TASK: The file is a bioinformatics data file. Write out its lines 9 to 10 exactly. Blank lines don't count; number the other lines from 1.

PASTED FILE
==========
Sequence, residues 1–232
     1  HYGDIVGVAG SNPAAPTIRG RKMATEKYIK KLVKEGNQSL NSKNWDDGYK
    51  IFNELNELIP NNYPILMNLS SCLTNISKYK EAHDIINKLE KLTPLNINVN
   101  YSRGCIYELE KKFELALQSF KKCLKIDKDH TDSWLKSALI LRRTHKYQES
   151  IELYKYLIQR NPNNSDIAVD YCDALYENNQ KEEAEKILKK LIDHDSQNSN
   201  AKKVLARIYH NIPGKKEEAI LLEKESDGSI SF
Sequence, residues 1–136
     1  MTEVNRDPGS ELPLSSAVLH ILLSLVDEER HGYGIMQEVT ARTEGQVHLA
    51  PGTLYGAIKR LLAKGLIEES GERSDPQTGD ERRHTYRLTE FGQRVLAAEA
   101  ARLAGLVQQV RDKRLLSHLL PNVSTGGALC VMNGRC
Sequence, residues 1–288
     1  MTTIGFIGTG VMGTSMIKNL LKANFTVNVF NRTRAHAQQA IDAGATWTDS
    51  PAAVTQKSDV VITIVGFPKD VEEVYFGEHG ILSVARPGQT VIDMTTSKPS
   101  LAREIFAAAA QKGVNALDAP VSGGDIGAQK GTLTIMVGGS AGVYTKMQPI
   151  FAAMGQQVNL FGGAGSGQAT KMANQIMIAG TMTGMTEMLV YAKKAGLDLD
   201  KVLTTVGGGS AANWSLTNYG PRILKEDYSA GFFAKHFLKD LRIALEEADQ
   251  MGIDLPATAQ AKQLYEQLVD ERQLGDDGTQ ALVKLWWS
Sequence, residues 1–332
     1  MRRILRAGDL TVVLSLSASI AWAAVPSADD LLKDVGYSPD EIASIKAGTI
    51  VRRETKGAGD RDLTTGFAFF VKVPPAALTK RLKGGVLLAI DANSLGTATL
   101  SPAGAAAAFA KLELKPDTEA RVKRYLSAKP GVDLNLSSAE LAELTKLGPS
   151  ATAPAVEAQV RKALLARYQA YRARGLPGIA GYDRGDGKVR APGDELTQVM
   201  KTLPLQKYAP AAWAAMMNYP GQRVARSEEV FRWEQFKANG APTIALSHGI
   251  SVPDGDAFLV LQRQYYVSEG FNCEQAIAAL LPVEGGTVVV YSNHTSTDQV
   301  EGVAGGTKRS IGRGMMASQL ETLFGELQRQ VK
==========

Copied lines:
    51  PGTLYGAIKR LLAKGLIEES GERSDPQTGD ERRHTYRLTE FGQRVLAAEA
   101  ARLAGLVQQV RDKRLLSHLL PNVSTGGALC VMNGRC